I read the first article just over two years ago and at the time it literally blew me away. I could have written it. I know that I lived it. I searched for a long time hoping to find out what happened and voila, finally the aftermath. Enjoy!!!
I tried it one last time after I wrote “I Miss You, Heroin” in November 2004. A month after the article was published on www.blacktable.com, I took my last shot. Sometimes in life you find yourself doing things you no longer need or want to do. This is epitomized in the awkward conversations you get sucked into when you’re spotted by a high school chum you no longer know. My realization, inevitably came to late. It appeared as the drug swam over me and numbness smothered my body. And that was that. When I came back to Sobriety, I knew it was the end. It wasn’t just the last shot, it was the last thought too. Hundreds of people asked me for my help after they read my story. They asked me how to quit, how to help loved ones, how to be strong. The thing is, strength comes from within. You know that, every one of you. It takes courage to even consider quitting whatever it is that you find yourself addicted to whether it be heroin, meth, alcohol, or TV. And I think that everyone has their weaknesses. But imagine how it feels to know that you are not part of the norm. Imagine how intoxicating it feels to be free from the clutches of addiction. I find myself addicted to something that doesn’t cause money or health problems. I find myself addicted to life.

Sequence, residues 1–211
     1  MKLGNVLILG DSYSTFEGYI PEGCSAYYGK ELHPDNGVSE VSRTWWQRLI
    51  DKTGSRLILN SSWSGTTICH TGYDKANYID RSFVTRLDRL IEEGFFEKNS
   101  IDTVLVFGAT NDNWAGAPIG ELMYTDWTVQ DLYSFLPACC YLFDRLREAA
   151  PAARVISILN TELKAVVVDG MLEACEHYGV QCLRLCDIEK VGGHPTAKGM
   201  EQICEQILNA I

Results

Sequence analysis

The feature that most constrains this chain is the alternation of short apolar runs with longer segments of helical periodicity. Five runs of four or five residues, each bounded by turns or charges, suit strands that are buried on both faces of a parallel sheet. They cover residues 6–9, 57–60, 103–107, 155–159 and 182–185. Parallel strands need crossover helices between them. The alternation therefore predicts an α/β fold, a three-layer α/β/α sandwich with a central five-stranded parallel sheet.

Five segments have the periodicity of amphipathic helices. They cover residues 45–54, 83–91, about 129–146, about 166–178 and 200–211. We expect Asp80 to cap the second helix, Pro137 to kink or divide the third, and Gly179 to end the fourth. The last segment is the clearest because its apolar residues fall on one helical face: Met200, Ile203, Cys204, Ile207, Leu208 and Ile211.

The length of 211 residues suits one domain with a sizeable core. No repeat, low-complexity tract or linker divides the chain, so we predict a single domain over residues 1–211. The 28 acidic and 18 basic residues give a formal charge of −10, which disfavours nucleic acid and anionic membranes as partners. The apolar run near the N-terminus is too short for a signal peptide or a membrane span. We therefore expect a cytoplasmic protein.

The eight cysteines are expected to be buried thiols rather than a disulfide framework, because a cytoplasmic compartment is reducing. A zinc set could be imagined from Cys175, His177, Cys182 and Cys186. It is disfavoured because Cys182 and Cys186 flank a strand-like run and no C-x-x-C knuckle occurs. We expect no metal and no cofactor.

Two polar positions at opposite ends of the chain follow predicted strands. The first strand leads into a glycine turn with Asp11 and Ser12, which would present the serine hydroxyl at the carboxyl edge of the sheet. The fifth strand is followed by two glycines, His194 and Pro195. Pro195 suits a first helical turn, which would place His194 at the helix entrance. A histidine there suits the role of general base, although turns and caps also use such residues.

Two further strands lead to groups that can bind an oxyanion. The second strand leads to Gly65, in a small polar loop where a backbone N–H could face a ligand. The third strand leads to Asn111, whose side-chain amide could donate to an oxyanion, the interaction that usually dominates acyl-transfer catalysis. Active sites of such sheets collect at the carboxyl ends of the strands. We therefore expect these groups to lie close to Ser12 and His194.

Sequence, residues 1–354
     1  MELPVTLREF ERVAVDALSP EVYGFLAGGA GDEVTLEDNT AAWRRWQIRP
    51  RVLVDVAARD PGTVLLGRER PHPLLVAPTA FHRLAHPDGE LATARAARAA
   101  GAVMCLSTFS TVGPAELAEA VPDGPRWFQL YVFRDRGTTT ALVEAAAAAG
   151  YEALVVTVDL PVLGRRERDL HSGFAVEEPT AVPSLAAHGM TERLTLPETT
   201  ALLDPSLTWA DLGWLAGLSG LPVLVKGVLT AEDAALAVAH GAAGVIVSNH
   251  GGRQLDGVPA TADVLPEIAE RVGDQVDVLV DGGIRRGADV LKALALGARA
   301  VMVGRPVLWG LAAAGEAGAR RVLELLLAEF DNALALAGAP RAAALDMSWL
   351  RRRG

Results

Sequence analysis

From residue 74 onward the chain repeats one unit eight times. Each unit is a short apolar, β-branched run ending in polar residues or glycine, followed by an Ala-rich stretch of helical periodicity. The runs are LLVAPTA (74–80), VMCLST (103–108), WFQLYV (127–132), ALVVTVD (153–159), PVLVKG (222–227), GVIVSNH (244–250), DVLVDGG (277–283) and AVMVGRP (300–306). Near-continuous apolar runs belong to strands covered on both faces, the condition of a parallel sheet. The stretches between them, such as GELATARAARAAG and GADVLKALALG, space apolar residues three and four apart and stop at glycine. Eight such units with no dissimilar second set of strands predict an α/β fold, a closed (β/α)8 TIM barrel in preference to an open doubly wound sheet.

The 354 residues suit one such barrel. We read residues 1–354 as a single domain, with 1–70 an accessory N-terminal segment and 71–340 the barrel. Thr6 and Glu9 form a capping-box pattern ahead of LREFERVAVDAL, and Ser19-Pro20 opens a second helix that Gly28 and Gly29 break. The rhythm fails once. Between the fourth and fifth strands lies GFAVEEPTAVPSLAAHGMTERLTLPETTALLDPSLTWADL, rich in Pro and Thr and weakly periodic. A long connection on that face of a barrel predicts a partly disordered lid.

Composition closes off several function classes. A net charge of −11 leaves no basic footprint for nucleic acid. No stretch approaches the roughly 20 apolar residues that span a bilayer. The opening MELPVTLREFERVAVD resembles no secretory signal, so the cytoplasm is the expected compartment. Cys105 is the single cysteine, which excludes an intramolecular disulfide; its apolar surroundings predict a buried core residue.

Holy shit, that sounds ridiculous. Life. What a load of crap. To tell you the truth I’m still unhappy and annoyed and frustrated. I’m still pissed off that Dubya “won” another election. I still yell at my computer, and I still look in the mirror some days and wonder how I got here. But I don’t run home in the middle of work so I can puke my guts out and blame it on an eating disorder. And I feel better. I have enough money to spend a month traveling around, and every cent would have been heroin money if I would have just given up like so many people do. I get positively drunk on the knowledge that I am not a statistic. It tickles me pink that I beat the unbeatable.
I know, for a fact, that anyone who wants to quit these things can. They’re all just too chicken shit to do it. They’re afraid of change, of the unknown. Drugs are easy, nothing matters if you’re high. And I know how easy it is to stay there. Take it from me though, it tastes better when your brain can actually register the taste.
To read the original.